Scottish National Dictionary (1700–)
KNEE, n., v. Also kne(i), kjnee; tnee (Ags., Per.). Sc. forms and usages. [(k)ni:, Rxb. nəi, Bwk. + ne:, Ags., Per. tni:, Sh. + kne: in meaning n., 3., v., 2.]
I. n. 1. As in Eng., in combs.: †(1) knee-bairn, “a child that sits on the knee, as not being yet able to walk” (Sc. 1825 Jam.); (2) knee-breeks, knee-breeches (I.Sc., ne. and em.Sc.(a), w.Lth., w. and sm.Sc., Slk. 1960). Also hypocoristic form -breikums. See Breek, n.1 Hence knee-breekit, wearing knee-breeches; (3) knee-buks, also hneebuks, to kneel heavily on a defeated opponent (Sh. 1908 Jak. (1928), 1914 Angus Gl.), to hold a person and strike him, gen. on the posterior with the knee (Sh.10 1960); (4) knee-clouts, bits of sacking tied round the knees for protection when weeding (Wgt. 1960); (5) knee-head, a knee, knee-timber in a boat “which below is scarfed together with the frame timber or cross-timber, and above is scarfed into the cleft end of the thwart” (Sh. 1908 Jak. (1928), Sh. 1960); (6) knee-hicht, a small child, sc. one no higher than the knee (I.Sc., Dmf. 1960); (7) knee-ill(s), a disease affecting especially the knee-joints of cattle, so that they are unable to stand (Sc. 1808 Jam.; Ags., Ayr. 1960); (8) knee-lid, knei-, the knee-cap (Rxb. 1923 Watson W.-B.; Ags., Fif., Ayr. 1960); (9) knee-plate, the metal plate used by shoemakers, shaped to fit comfortably over the knees, and having a socket on top into which the shoemaker's last is fitted (Abd. 1960). See also Saiddle; (10) knee-shal(l), kjnee-, = (8) (Sh. 1866 Edm. Gl., 1908 Jak. (1928), Sh. 1960). See Shall; (11) knee tea, tea in which the cup and plates are held on the knee, and not laid out on the table (ne.Sc. 1960); (12) knee-wife, a midwife [translation of Gael. bean-ghluin, id.]
(2) Sc. 1826 Wilson Noctes Amb. (1855) II. 275:
There he is, — wi' his . . . licht casimer knee-breeks wi' lang ties. Edb. 1843 J. Ballantine Gaberlunzie 7:
A bare-headed, bare-fitted urchin, clad in an auld pair o' knee-breikums. Edb. 1856 J. Ballantine Poems 11:
There were frail auld men, knee-breekit, Wi' mumlin' tongues an' een half-steekit. Kcb. 1895 Crockett Moss-Hags iii.:
I hasted to draw on my knee-breeks. Abd. 1909 J. Tennant Jeannie Jaffray x.:
Wha ever saw an angel in a black doublet an' knee-breeks. (5) Ork. 1770 P. Fea MS. Diary (July):
Thos. put the beems in the boat and knee-heads. (6) Sh. 1892 G. Stewart Fireside Tales 244:
Fae I wis a knee height I'm aye hed a odious laekin' fir da lasses. Sh. 1898 Shetland News (19 Feb.):
A'm geen aboot craeturs noo frae I wis a knee hicht. (8) Sc. 1824 Scots Mag. (Aug.) 230:
A huge pair of old boots, reaching to his knee-lids. Sc. 1862 A. Hislop Proverbs (1870) 192:
It will be lang ere you wear to the knee lids. (10) Sh. 1900 Shetland News (10 Feb.):
A'm fa'n an' shürely dung me knee-shal oot o' his place. Sh. 1949 J. Gray Lowrie 133:
Dan ta brak wan o' dat pantiles apo yer kjnee — weel, if he guidna da first time, heth da kjneeshall siffered. (11) Bnff. 1891 W. Grant Anecdotes 98:
We had first a knee tea, then there was a lang vacancy, an' syne we had a confectionar supper! (12) Arg. 1914 N. Munro New Road vi.:
The ailment of bairns in women and the need for knee-wives.
2. “The bend in the plough-beam into which the plough-share fits” (Sh. 1908 Jak. (1928)); a bend in the coulter-stem of a plough (Fif., Lth. 1960).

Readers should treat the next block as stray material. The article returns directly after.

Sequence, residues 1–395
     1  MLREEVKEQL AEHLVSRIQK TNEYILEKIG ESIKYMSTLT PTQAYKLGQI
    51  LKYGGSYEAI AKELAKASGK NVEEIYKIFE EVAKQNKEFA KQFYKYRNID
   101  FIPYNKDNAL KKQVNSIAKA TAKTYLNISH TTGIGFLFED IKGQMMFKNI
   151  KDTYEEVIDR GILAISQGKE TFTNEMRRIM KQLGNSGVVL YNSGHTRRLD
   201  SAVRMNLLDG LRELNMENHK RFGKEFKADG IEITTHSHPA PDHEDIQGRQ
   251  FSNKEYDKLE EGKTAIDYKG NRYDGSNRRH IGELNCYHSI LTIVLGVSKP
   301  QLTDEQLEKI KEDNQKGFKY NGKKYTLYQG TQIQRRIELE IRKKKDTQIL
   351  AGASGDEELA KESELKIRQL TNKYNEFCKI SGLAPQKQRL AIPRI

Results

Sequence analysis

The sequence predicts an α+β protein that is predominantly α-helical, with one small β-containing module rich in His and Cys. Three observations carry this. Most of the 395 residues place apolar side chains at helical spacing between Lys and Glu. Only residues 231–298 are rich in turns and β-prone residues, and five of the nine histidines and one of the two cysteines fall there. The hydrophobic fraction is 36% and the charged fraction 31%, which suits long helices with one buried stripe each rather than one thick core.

3. A slanting obtuse-angled cut made in the side of a sheep's ear as a mark of ownership (Jak.). Cf. v., 2.
†4. A small hill, appar. so called from its shape. Obs. in Eng.
Peb. 1775 A. Pennecuik Tweeddale (1815) 50:
Hills are variously named, according to their magnitude; as . . . Shank, Brae, Kneis.
II. v. 1. To bend or be bent in the middle so as to form a knee-shaped angle, “as a nail in being driven into the wall” (Abd. 1825 Jam.; Per., Fif. 1960), also of the stalks of plants. Ppl.adj. kne(e)d, knaed, bent.
Gsw. 1733 Burgh Rec. Gsw. (1909) 391:
¥1 sterling for a hanging lock and hasp, and two kneed staples, four screw nails and four nutts. Ags. 1808 Jam.:
The wind is said to knee corn, when it breaks so that the corn bows down, and strikes root, by the stalk. Lnk. 1831 W. Patrick Plants 60:
Bent or kneed at the joints. Sc. 1849 H. Stephens Bk. of Farm II. 227:
The clover was found so luxuriant that it was kneed down, that is, its lower part was lying upon the ground, while its upper part only, seemingly formed the growing crop. Mry. 1952 Bulletin (9 Sept.) 4:
Some kinds of corn are more apt to break and knee than others.
Combs.: (1) knee'd grass, a kind of grass with a characteristic joint in the stem, fox-tail grass (see quot.) (Dmb. 1960). Cf. obs. Eng. knee-grass, bristle-grass; (2) knee-shackled, adj., see quot.
(1) Ayr. 1811 W. Aiton Agric. Ayr. 296:
Alopecurus Geniculatus, a small sweet rich grass . . . commonly called the knee'd or elbow grass. (2) Sc. 1814 J. Sinclair Agric. Scot. I. 369:
Drilled grain crops, from wanting an equable and general support among their own stems, owing to the distance between the rows, are likewise more liable than those sown broadcast, to suffer injury from heavy rains and strong blasts of wind, by which their stems are apt to be broken down irregularly, and interlaced among each other, which is technically denominated knee-shackled.
2. To mark the ear of a sheep by means of a slanting cut (Sh. 1908 Jak. (1928)). Cf. n., 3.
Sh. 1897 Shetland News (18 Dec.):
The left lugg kneed on both sides. Sh. 1898 Ib. (17 Dec.):
Da right lug wis knaed an' twa holes i' da left ane. Sh. 1908 Jak. (1928):
A kned lug; kned afore, kned ahint.
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"Knee n., v.". Dictionary of the Scots Language. 2004. Scottish Language Dictionaries Ltd. Accessed 22 Sep 2020 <https://www.dsl.ac.uk/entry/snd/knee>
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